Is Netflix changing the way the French do television?

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France has a long history of rejecting American cultural imports. In fact, France has fought long and hard to protect its cultural heritage from global and commercial interests.

Although the French have watched television since the 1950s, until 1982 the state did not allow private television or radio channels, and even today much of French television is public television. . (Which doesn’t exist in the United States – even PBS, generally considered “public” television, is in fact a non-profit organization, not a government-run organization like in France.)

In 1993, France made this belief system explicit and legally defined by what is called “cultural exception,” which was coined during the negotiations of the General Agreement on Tariffs and Trade, or GATT. . The cultural exception meant that the agreement, which opened up international trade between several countries, could not oblige countries to accept cultural imports in the same way as they would accept other goods and services. This loophole allows France to institute quotas on the amount of non-French content that can appear in their cinemas, on their radio waves and in their set-top boxes.

Concretely, 40% of television programs broadcast on French television must be French, and 60% must be European. (The radio is subject to similar quotas for French music.) Taxes are levied on international imports, and these tax revenues are then used to subsidize French film and television production. Even large French cable conglomerates like Canal+ are subject to restrictions which, on the whole, for the benefit of independent French film and television producers.

And what does that mean in terms of content? “Thanks to state subsidies, French television no longer deals with what sells,” says Julie Fette, associate professor of French studies at Rice University, who teaches courses on contemporary French media. Low viewership of shows on public channels does not equate to automatic cancellation if the show is deemed to have cultural or intellectual merit, as advertisers and audiences do not need to be wooed in the same way what they do in the united states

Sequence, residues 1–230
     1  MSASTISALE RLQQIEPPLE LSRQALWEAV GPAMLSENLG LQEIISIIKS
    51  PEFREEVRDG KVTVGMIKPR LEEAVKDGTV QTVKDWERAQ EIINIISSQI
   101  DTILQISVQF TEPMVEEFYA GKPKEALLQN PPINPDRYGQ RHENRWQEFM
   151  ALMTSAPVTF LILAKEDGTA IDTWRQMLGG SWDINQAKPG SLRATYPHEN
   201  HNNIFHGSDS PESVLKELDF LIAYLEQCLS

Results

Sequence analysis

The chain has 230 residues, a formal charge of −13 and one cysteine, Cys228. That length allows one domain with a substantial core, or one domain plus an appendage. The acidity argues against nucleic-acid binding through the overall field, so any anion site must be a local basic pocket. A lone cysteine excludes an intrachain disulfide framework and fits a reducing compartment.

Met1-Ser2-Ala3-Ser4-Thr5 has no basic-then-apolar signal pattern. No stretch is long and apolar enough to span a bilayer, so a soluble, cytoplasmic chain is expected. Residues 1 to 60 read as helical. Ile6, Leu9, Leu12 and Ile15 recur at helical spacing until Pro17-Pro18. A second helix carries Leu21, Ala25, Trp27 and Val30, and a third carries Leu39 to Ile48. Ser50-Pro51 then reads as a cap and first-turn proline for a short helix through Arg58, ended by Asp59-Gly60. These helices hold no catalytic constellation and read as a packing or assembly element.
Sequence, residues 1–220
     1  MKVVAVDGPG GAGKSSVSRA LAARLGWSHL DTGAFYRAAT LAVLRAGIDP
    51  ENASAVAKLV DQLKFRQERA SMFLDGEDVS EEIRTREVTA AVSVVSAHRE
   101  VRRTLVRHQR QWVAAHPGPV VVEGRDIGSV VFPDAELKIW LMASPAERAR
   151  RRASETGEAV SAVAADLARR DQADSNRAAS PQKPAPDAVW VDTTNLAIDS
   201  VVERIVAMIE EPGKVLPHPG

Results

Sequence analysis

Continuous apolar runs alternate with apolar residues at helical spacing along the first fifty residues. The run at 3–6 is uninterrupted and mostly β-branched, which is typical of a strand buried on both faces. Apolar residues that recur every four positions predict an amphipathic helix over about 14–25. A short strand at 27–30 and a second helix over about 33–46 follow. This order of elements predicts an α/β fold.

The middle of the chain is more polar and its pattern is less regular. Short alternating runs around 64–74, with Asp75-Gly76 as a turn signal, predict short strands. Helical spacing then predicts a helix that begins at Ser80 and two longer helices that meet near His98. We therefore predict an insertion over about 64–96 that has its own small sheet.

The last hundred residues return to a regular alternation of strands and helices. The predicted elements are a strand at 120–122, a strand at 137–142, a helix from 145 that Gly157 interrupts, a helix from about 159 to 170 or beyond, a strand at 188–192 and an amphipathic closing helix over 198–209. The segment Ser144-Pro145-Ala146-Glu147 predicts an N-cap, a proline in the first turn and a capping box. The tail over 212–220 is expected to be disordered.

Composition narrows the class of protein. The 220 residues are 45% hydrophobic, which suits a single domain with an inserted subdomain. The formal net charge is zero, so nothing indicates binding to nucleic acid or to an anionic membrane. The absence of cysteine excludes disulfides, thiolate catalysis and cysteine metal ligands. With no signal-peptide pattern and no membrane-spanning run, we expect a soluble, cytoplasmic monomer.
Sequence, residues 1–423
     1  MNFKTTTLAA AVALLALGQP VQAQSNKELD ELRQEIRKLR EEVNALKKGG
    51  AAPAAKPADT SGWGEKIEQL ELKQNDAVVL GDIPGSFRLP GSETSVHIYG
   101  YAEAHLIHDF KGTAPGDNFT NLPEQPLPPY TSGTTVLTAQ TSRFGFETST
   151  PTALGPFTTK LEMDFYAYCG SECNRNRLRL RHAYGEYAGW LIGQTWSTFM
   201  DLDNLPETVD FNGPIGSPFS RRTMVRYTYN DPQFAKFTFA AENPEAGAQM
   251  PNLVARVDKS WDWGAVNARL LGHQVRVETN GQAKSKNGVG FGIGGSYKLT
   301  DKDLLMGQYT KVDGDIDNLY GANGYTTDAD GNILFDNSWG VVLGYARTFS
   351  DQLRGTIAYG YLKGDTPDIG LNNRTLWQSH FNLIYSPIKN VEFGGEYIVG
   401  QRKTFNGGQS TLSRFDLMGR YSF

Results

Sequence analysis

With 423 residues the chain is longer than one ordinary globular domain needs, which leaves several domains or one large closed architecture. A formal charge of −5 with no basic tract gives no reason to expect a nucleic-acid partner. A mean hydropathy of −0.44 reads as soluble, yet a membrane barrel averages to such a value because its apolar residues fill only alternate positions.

They also don’t need to be so scared of offending viewers. just look The Guignols, the satirical puppet show known to everyone in France for confusing political and cultural figures. “They do things on TV which would mostly be banned in the United States, even though The Guignols also pushed back the French borders,” says Fette. The same blasphemy laws don’t exist, nor do the extreme sex and nudity taboos found in the United States, so producers can take a lot of risks without worrying as much about losing their funding.

But as hard as France worked to keep Americans out, they couldn’t stop Netflix. The streaming giant, which began producing content in French in 2014, eventually opened an office in Paris in early 2020, likely in response to the French government’s obligation to dedicate 25% of their turnover in France financing the national production of French content. The results were mixed, with early flops like drama Marseilles countered by critical and commercial successes like Ten percent (Call my agent!) and Lupine.